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  • DoF (Degrees of Freedom)

    Discussion in 'The main mechanical design forum' started by desai95, Mar 7, 2014.

    1. desai95

      desai95 Member

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      Can anyone help me out with clear concept of degree of freedom? What happens if my degree of freedom is more of some mechanism? Is it that for better working degree of freedom should be kept as low as possibe?please amigos help me out clear my concepts
       
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    3. PierArg

      PierArg Well-Known Member

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      Hi desai95.
      I will try to help you about the DOF concept.

      The "degrees of freedom" for a rigid body means how it can move in the space or in a fixed plane.

      A rigid body in a space has 6 DOF because you can identify its position by 6 independent movements:
      1) translation along X axis
      2) translation along Y axis
      3) translation along Z axis
      4) rotation along X axis
      5) rotation along Y axis
      6) rotation along Z axis

      If we consider a datum plane XY, the rigid body has only 3 DOF: you can identify its position only by 3 independent movements
      1) translation along X axis
      2) translation along Y axis
      3) rotation along Z axis

      This is just the DOF concept and everithing's ok so far.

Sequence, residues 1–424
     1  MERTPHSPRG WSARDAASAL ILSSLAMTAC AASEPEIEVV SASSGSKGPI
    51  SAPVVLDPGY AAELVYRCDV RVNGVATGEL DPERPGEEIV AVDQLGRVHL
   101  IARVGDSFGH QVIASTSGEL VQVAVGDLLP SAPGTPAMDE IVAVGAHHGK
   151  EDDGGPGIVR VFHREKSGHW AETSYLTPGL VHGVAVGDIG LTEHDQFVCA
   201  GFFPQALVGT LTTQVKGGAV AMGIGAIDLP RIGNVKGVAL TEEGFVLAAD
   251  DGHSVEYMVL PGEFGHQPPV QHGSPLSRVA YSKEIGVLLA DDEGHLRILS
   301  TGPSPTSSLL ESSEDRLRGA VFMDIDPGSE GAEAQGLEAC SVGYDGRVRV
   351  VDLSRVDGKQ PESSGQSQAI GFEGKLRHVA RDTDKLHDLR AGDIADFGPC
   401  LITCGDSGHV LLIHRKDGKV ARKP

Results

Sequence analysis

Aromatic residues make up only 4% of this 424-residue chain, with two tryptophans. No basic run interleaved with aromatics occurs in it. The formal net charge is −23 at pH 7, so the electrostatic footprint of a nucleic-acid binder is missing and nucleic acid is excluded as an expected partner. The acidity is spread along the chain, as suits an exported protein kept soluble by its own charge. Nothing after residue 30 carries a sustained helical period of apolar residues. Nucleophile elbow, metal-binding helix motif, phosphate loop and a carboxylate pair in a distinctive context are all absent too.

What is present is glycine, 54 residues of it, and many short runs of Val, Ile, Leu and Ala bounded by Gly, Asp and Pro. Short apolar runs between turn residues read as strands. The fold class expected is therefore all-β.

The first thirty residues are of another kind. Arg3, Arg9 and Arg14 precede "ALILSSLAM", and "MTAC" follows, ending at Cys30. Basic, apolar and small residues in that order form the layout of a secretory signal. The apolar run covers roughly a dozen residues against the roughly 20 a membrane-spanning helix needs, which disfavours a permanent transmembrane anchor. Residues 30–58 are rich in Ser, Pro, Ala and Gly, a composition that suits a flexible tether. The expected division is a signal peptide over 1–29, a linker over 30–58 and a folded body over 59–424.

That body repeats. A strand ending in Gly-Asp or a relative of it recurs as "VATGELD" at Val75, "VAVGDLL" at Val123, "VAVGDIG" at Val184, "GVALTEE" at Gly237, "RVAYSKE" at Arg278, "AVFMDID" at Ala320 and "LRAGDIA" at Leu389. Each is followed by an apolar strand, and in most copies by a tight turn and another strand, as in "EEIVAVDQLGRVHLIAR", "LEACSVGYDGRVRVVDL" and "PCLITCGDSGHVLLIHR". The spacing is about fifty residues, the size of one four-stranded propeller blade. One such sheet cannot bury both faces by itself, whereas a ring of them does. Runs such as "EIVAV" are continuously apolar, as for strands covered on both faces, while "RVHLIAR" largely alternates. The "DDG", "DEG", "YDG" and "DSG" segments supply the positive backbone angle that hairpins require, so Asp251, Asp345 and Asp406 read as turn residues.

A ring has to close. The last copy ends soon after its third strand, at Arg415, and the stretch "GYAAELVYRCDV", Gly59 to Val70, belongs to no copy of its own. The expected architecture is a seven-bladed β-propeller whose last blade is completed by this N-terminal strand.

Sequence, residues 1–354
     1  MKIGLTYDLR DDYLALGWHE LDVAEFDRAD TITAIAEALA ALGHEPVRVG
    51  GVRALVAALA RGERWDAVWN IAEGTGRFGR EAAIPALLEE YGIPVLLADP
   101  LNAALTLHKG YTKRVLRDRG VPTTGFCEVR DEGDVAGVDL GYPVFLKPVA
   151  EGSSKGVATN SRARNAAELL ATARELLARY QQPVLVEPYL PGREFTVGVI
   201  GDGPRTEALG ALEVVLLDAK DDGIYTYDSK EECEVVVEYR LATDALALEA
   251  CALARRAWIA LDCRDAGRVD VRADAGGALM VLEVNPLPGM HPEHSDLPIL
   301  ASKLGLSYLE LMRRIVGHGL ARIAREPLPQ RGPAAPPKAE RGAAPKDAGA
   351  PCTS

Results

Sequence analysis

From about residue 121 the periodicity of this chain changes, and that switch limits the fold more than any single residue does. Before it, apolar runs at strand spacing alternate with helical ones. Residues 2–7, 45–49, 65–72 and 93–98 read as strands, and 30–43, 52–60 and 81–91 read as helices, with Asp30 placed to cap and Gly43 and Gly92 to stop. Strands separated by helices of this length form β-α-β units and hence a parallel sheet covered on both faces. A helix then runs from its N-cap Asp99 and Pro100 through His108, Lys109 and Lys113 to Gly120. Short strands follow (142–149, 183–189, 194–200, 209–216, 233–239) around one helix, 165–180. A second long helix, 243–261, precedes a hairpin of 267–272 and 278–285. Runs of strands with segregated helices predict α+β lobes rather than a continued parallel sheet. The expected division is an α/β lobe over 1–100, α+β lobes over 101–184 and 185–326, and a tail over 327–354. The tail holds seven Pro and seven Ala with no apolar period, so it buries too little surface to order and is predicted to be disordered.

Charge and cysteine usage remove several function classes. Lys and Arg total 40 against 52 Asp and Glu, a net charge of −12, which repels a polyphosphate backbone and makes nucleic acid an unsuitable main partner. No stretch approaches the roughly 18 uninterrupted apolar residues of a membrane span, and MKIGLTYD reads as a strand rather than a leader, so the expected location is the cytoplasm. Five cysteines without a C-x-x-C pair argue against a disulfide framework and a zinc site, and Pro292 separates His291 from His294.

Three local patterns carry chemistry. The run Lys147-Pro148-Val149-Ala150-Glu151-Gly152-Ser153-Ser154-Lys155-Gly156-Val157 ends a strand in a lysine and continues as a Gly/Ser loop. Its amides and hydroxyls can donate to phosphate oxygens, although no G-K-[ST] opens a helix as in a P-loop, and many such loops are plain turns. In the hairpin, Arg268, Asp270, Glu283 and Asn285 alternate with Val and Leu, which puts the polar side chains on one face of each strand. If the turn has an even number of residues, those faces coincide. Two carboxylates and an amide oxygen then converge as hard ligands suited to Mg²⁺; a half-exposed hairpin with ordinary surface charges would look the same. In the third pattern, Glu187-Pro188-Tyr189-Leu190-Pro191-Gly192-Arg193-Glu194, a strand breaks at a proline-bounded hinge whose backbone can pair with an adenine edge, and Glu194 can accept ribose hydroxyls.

But, how to calculate the DOF in a mechanism?
      There is a simple equation called Gruber's formula.
      Assuming the mechanism in the plane, therefore 3 DOF , the formula is:

      Ndof = 3(n-1) - 2L - H

      Ndof = total DOFs in the mechanism
      3 = we are assuming the plane, so every free and NOT constrained rigid body/link has 3 DOF
      n = number of links including the frame
      L = number of lower pairs (joints that allow only 1 DOF to the mechanism)
      H = number of higher pairs (joints that allow 2 DOF to the mechanism)

      Next question is: "How many DOF must have a rigid body, a mechanism or a structure?"
      It depends on the mechanism or structure's role because each application must have the exact number of DOF
      Generally a static structure which role is to sustain (for example the supporting structure of a building) must be isostatic that means 0 DOF.
      Contrariwise, a mechanism wich role is to transfer the mechanical energy through the movement, must have the right DOF nmumber.
      Exceeding or restricting the DOF number is not good.
      For example a high speed rotating shaft; what if it had more than 1 DOF?
      Exceeding the DOF number leads to vibrations and shocks

      Otherwise restricting the DOF number leads to overstressing.
      Imagine if the Tour Eiffel was iperstatic (negative DOF): just the temperature variation should be enough to bring to a disastrous failure due to thermal stresses.
      When the iron is heated or cooled it tends to strain itself.
      But the Tour Eiffel is isostatic and can "breathe".


      I hope I was clear.
       
      Last edited: Mar 7, 2014
    4. desai95

      desai95 Member

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      Dof

      Hey pierarg u wer not just clear but perfect keep it up and thanks and yeah u ve cleared all my doubts thanks a lot bro
       
    5. PierArg

      PierArg Well-Known Member

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      Thanks, I'm pleased you've understood what I wrote
       

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